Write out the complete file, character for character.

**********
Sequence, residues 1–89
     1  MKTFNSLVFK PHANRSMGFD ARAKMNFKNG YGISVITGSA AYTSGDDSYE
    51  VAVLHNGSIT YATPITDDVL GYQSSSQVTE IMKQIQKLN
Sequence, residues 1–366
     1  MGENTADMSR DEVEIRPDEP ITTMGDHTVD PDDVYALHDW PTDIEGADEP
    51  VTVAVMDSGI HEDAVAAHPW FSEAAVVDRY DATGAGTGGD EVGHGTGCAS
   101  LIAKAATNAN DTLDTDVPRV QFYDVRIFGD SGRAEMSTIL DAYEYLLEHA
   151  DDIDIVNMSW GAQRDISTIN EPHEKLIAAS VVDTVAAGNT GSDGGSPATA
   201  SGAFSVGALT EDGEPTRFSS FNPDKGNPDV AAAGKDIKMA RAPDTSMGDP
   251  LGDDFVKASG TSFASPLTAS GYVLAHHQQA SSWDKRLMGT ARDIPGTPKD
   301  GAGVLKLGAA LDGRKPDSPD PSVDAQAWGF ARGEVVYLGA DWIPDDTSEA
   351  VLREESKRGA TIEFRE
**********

Sequence, residues 1–89
     1  MKTFNSLVFK PHANRSMGFD ARAKMNFKNG YGISVITGSA AYTSGDDSYE
    51  VAVLHNGSIT YATPITDDVL GYQSSSQVTE IMKQIQKLN
Sequence, residues 1–366
     1  MGENTADMSR DEVEIRPDEP ITTMGDHTVD PDDVYALHDW PTDIEGADEP
    51  VTVAVMDSGI HEDAVAAHPW FSEAAVVDRY DATGAGTGGD EVGHGTGCAS
   101  LIAKAATNAN DTLDTDVPRV QFYDVRIFGD SGRAEMSTIL DAYEYLLEHA
   151  DDIDIVNMSW GAQRDISTIN EPHEKLIAAS VVDTVAAGNT GSDGGSPATA
   201  SGAFSVGALT EDGEPTRFSS FNPDKGNPDV AAAGKDIKMA RAPDTSMGDP
   251  LGDDFVKASG TSFASPLTAS GYVLAHHQQA SSWDKRLMGT ARDIPGTPKD
   301  GAGVLKLGAA LDGRKPDSPD PSVDAQAWGF ARGEVVYLGA DWIPDDTSEA
   351  VLREESKRGA TIEFRE